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The Oakland Athletics defeated the Boston Red Sox on Tuesday night 3-2 after Alfredo Aceves could not close out the bottom of the ninth.
Last night, the A’s and Red Sox found themselves locked in a pitcher’s duel behind starters Bartolo Colon and Jon Lester. There was minimal offense to speak of throughout the first eight innings. Coco Crisp started the game off for the A’s with a homerun to left field, giving them the early 1-0 lead in the first inning. In the top of the second, Jarrod Saltalamacchia answered back, blasting his 16th homerun of the year into right-center field to tie the score at 1-1.
Both pitchers found themselves cruising through this game. Colon had one hiccup in the fourth inning. David Ortiz and Adrian Gonzalez singled to center and right field respectively. Saltalamacchia then hit a sharp ground ball which hit off of Oakland first baseman Chris Carter, which allowed Ortiz to score giving the Sox the 2-1 lead.
It seemed that one run would be all the Sox needed as Jon Lester was absolutely dominant. However, in the ninth inning with closer Alfredo Aceves on the mound, the A’s mounted a comeback. Chris Carter and Cliff Pennington both hit singles to put runners on first and second with one out. Brandon Moss then hit a single of his own to score Carter and move Pennington to third base. The Moss single tied the game at 2-2. Coco Crisp then hit a sacrifice fly to center fielder Ryan Kalish, which was able to score the game winning run in Pennington. The A’s were able to claim game two of this west coast series as Alfredo Aceves simply couldn’t close the game out.
Lately Jon Lester has started to come into his own, and last night was another case of the Sox offense not showing up for their ace. Lester went 6.2 innings, allowed only four hits, one earned run, walked only one batter, and struck out nine. He showed fantastic control of his pitches, and was using his change-up as a strike-out pitch. The increased use of the change-up is a great sign as it compliments his fastball and cutter well, allowing him to keep the batter guessing on what pitch will come with two strikes.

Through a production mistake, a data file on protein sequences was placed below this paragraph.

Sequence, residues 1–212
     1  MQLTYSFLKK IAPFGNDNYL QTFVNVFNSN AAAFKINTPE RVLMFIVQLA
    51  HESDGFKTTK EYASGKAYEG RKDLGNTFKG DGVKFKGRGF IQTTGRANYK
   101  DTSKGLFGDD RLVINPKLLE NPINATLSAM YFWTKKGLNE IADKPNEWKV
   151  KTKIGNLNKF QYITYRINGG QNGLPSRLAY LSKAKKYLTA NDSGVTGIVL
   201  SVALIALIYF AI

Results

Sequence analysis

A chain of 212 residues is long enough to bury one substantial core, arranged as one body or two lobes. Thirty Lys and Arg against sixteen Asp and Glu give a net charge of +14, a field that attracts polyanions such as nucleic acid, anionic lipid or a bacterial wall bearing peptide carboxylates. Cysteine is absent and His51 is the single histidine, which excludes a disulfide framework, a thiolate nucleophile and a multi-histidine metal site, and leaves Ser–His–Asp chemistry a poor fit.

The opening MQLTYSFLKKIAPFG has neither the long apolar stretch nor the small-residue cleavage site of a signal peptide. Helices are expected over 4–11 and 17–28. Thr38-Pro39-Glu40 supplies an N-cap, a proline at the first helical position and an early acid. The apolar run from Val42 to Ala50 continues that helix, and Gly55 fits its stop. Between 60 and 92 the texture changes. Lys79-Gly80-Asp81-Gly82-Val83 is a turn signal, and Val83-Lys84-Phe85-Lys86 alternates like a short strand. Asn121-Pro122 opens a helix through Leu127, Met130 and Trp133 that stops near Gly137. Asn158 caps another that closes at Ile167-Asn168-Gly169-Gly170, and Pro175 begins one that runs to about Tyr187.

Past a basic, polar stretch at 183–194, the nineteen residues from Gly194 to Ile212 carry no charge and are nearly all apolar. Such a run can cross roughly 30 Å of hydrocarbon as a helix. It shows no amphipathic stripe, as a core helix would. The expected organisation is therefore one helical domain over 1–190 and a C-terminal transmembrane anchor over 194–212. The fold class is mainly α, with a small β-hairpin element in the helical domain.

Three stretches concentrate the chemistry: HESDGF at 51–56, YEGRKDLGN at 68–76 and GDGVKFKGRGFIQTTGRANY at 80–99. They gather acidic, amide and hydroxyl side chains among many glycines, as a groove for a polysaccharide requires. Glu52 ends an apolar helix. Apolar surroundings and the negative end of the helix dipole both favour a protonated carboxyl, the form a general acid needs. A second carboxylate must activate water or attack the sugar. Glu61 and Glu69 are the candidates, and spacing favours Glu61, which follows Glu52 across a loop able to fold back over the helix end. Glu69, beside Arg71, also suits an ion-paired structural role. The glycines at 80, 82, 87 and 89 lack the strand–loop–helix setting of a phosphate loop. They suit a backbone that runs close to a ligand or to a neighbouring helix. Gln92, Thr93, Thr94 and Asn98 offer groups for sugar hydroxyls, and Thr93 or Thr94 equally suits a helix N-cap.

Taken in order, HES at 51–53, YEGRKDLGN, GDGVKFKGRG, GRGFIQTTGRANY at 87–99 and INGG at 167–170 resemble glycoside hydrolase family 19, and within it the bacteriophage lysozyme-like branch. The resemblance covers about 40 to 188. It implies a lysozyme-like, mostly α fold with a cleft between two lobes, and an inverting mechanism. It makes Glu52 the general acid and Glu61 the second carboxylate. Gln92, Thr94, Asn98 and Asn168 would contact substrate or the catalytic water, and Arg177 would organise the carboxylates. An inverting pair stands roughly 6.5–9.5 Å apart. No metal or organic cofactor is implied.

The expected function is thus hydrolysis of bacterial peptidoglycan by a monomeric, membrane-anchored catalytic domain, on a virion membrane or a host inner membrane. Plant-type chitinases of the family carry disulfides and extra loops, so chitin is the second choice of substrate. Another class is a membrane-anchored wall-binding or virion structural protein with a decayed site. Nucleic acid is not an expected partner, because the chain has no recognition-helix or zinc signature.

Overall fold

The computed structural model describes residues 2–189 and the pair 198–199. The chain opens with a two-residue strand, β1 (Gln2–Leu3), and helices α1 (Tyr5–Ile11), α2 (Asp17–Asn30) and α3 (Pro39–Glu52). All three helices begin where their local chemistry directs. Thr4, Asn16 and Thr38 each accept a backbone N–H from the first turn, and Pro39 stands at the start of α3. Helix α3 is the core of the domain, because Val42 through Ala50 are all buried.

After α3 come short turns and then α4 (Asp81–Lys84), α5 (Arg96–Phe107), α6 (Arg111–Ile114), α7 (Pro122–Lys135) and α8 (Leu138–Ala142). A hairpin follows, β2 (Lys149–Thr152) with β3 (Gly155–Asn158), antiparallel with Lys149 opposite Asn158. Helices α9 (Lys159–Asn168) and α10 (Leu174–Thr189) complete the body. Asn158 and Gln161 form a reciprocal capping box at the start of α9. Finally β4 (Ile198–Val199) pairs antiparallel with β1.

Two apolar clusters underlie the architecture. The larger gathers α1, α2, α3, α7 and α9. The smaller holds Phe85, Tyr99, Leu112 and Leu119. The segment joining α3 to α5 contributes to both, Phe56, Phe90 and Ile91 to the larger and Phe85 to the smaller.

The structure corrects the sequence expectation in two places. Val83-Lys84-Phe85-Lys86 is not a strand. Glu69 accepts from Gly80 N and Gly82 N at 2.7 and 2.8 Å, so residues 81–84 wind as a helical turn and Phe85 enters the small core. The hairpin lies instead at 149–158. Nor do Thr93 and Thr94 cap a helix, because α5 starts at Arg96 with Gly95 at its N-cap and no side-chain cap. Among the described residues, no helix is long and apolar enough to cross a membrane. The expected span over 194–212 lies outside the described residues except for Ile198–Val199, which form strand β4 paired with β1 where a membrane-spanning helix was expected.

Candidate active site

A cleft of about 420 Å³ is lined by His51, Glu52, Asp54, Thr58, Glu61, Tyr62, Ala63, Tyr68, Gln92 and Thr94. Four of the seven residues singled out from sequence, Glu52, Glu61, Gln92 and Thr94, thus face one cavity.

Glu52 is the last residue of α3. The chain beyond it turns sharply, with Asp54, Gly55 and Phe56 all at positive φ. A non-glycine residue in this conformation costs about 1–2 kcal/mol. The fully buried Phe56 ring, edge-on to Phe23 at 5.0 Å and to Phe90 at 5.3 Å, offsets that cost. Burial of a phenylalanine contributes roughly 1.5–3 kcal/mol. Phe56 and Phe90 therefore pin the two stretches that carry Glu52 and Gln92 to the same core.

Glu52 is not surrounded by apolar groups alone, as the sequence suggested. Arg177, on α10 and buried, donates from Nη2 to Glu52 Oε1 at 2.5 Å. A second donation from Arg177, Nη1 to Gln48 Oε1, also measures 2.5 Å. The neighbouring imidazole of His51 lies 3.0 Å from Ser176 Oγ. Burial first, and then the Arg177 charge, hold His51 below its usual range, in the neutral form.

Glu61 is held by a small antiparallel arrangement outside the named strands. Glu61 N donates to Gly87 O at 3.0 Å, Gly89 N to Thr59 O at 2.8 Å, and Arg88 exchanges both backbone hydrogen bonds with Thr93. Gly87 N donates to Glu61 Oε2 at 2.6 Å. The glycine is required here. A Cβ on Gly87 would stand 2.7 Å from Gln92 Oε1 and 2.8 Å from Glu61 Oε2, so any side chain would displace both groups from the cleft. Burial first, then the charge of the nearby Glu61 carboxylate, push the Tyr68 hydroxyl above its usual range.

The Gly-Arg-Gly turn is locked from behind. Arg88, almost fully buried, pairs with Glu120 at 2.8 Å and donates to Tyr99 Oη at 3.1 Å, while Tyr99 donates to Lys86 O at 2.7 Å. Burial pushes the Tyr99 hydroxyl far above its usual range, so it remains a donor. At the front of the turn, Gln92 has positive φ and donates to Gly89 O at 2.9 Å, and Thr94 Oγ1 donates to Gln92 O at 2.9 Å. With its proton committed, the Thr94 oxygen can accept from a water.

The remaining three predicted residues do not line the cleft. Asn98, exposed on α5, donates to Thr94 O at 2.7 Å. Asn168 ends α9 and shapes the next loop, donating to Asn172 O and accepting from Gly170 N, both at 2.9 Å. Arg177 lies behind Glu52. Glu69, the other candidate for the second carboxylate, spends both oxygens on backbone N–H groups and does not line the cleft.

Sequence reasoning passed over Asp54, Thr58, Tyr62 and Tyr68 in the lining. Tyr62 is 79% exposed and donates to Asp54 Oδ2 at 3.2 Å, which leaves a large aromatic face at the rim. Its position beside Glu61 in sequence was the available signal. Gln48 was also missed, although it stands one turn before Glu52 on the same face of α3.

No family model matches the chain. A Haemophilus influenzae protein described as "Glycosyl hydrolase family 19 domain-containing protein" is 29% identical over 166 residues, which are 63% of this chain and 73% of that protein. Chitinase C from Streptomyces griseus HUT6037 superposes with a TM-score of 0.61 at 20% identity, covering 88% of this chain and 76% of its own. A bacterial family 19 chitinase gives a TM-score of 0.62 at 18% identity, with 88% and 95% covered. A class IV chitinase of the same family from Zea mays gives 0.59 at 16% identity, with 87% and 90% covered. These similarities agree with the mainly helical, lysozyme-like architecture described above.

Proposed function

Last night the Red Sox left seven men on base, and even worse than that they were 0-8 with runners in scoring position. To say this offense has gone cold on this road trip is a complete understatement. If the Sox had any offensive output in the series against Seattle they could have easily had a sweep. In the two games against Oakland and the four against Seattle, the Red Sox offense is a pathetic 4-41 with runners in scoring position. After the offense had appeared to click on the homestand, they seem completely out of sync on the road. The upcoming all-star break can’t come soon enough for the Red Sox, as it is apparent they could use some time off to figure out what is going on with their bats, or lack thereof.